[Editor’s Note: While we cannot address every wrong in the world, the horrifying situation at Steubenville, Ohio led us to ask contributing writer, Justin Holcomb, to write on the matter of sexual assault. How can we best help those who have experienced the trauma of sexual assault? What can we do to foster a culture of safety in our communities and churches?]
“Silence in the face of evil is itself evil: God will not hold us guiltless.
Not to speak is to speak. Not to act is to act.”
In the small Ohio town of Steubenville, several high-school football players have been charged in the gang-rape and kidnapping of a 16-year-old girl at multiple parties while she was allegedly drugged and unconscious. The story is making headlines after hacking group Anonymous released photos and video of teenagers laughing about the assault with jokes like, “She is so raped right now.” Leaked photos recovered from Instagram also show what appear to be members of the so-called “Rape Crew” holding the limp, unconscious victim by her wrists and ankles. The incident, which occurred in August and rose to prominence after the New York Times reported it in December, turned into a scandal after the leaked information suggested the case was being covered up by town leaders to protect the high-school athletes at the center of the case.
Tragically, incidences of sexual violence like Steubenville are all too common. In fact, the problem is actually worse than you might think from the news stories: sexual assault is one of the most under-reported crimes, and less than 40 percent of all sexual assaults are reported to law enforcement. This is because of the unique shame, fear, and embarrassment that sexual assault victims experience. The pressure to say nothing is compounded by our culture of victim-blaming in which rape and assault victims are often said to be “asking for it” by dressing too provocatively, going out alone too late at night, or drinking too much. The victim-blaming impulse shows up every time these stories appear. In the Ohio case, some residents have blamed the girl, accusing that she “put the football team in a bad light and put herself in a position to be violated.”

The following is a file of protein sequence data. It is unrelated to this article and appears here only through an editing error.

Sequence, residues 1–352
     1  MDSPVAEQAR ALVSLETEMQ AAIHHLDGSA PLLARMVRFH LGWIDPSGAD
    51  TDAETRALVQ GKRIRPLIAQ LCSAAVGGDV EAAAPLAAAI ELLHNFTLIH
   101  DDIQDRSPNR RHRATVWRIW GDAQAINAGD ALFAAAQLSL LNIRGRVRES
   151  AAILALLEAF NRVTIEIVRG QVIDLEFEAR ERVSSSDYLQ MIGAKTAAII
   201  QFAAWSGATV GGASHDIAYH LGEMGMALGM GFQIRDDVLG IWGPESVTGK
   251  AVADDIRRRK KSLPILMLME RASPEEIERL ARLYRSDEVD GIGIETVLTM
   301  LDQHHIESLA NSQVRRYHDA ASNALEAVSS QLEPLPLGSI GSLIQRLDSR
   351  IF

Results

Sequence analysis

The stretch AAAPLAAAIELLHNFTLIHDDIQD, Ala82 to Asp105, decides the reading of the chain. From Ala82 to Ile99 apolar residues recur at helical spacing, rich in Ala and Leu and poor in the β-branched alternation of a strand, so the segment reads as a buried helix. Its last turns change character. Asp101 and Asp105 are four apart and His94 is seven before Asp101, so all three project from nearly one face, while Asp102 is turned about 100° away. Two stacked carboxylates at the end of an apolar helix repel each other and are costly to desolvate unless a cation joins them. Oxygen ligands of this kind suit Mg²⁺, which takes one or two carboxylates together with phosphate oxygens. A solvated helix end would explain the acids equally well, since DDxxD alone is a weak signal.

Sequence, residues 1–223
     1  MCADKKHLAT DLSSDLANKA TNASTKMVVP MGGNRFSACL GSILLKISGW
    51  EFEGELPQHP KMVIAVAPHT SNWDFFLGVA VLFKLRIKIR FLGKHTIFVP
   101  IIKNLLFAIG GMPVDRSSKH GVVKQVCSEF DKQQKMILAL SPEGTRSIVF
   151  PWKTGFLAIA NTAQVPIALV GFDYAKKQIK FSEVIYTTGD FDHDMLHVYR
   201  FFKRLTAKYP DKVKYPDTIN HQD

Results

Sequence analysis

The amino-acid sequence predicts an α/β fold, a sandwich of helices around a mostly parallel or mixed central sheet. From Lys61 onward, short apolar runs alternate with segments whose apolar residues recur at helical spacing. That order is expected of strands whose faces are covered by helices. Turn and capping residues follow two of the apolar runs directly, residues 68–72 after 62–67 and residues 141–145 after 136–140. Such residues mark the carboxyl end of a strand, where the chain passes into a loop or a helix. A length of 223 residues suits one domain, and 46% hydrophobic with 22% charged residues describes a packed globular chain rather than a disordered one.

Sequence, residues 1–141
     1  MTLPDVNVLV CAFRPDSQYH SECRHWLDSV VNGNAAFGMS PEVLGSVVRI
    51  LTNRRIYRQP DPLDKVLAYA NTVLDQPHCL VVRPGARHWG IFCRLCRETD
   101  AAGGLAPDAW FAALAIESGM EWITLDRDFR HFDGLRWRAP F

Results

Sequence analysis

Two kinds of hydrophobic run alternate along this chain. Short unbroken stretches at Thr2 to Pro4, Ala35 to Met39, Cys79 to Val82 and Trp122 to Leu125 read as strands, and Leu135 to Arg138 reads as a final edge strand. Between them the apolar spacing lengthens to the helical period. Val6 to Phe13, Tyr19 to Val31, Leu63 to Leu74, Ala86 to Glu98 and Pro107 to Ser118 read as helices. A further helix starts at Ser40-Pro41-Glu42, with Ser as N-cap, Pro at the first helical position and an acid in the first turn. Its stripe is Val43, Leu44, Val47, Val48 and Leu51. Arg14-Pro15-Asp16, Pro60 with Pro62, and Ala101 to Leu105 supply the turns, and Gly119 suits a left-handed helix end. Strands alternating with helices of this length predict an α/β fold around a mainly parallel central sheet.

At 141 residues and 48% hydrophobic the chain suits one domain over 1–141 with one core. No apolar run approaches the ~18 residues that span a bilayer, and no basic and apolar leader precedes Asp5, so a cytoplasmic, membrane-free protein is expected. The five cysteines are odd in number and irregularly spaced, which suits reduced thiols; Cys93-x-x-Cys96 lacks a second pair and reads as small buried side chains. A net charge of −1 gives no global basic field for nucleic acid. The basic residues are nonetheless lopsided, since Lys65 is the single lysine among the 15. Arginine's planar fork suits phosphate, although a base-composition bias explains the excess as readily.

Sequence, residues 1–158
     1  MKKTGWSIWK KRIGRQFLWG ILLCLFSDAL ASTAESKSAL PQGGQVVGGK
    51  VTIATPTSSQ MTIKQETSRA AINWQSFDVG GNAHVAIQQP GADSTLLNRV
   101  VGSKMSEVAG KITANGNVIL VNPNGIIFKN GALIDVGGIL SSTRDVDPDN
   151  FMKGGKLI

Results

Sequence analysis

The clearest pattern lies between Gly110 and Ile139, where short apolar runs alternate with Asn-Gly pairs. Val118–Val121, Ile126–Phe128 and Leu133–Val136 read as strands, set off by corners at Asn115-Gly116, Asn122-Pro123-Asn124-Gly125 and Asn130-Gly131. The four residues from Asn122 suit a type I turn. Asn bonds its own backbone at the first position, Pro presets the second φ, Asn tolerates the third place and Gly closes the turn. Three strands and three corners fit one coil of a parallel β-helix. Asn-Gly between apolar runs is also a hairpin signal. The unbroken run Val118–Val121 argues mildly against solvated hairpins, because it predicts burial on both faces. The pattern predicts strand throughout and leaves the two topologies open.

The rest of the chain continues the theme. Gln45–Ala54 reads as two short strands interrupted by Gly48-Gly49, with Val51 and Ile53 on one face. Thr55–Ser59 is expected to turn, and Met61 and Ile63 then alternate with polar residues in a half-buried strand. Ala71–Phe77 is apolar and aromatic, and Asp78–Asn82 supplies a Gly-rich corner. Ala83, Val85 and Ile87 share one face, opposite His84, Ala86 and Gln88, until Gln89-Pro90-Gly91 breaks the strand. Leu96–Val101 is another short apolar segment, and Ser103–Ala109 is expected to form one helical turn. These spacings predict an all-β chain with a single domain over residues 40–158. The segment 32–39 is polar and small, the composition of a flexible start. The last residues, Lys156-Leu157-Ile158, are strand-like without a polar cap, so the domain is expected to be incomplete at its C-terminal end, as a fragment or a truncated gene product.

Defining Assault and Consent
With the prevalence of sexual violence, it is important to have a clear definition of sexual assault and consent. Many victims are not sure if what happened to them was assault, and the shame and pressure to remain silent lead to a recurring cycle of traumatization.
“Sexual assault” is the current legal term that replaced the former narrow definition of rape, though some states use the terms interchangeably. In Rid of My Disgrace (the book my wife and I wrote on gospel hope and healing for sexual assault victims), our definition of sexual assault is: any type of sexual behavior or contact where consent is not freely given or obtained and is accomplished through force, intimidation, violence, coercion, manipulation, threat, deception, or abuse of authority.